What is the bore on that Suzuki M/C I do not know but it must have been different to the OEM item.
     
  11. EstuaryBoy

    EstuaryBoy

    Joined:
    Mar 7, 2020
    Er.. come again? Especially formulated for those Freudian slips, perhaps?
    (Sorry.. the schoolboy will out :))
     
    Last edited: Mar 25, 2020
    Matchless likes this.
  12. Fast Eddie

    Fast Eddie VIP MEMBER

    Joined:
    Oct 4, 2013
  13. trident sam

    trident sam

    Joined:
    Oct 23, 2012
    I've been using organic pads exclusively for the past 5/6 years and been very happy with them.
     
  14. Matchless

    Matchless

    Joined:
    Dec 23, 2010
    As Time Warp mentioneed, often the greatest improvement can be had at the master cylinder end. What bore dia. is the stock item on a Harris?
     
  15. baz

    baz VIP MEMBER

    Joined:
    May 26, 2010
    I agree
    A huge difference can be made by going down a size at the master cylinder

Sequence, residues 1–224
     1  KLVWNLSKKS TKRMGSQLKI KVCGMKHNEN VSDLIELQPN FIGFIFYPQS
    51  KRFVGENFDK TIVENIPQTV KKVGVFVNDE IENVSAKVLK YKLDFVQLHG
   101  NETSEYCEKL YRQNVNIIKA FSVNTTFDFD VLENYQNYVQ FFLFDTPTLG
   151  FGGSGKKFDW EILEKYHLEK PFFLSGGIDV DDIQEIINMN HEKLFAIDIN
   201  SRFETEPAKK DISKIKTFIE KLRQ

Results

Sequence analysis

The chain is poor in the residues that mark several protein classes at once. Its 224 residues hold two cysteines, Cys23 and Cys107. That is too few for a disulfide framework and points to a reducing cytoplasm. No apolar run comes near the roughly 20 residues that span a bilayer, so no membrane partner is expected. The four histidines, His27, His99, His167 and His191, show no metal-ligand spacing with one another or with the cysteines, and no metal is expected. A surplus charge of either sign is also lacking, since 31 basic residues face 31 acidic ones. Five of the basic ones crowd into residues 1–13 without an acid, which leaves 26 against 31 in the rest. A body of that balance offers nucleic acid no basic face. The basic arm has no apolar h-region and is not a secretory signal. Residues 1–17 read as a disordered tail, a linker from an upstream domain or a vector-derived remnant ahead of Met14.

16. acotrel

    acotrel

    Joined:
    Jun 30, 2012
    Single pot calliper, double disc should be enough brakes for anyone who is not doing over 150 MPH on a reasonably light motorcycle. Self-servo is a mixed blessing - if there is too much. I don't like coming down from very high speed with the brake changing while I am doing it.
    On high speed steel discs, asbestos based pads are excellent, but carbon race pads won't work if you cannot get them hot enough. The master cylinder on my race bike operates two callipers where it was designed to operate one. The front brake is one-finger operation, leaving the others to operate the throttle
     
  17. Fast Eddie

    Fast Eddie VIP MEMBER

    Joined:
    Oct 4, 2013
    I don’t know. Anyone else know ?
     
  18. acotrel

    acotrel

    Joined:
    Jun 30, 2012
    The only time I ever know what size the bore of the master cylinder is, is when I take it to the brake people to get it re-sleeved and they tell me.
     
    Craig likes this.
  19. oldbeezer

    oldbeezer VIP MEMBER

    Joined:
    Nov 2, 2017
    Some but not all have a number (1/2 13 whatever) on the outside of the of the cylinder where the bore resides. On some of those the assy may have to be removed to see it.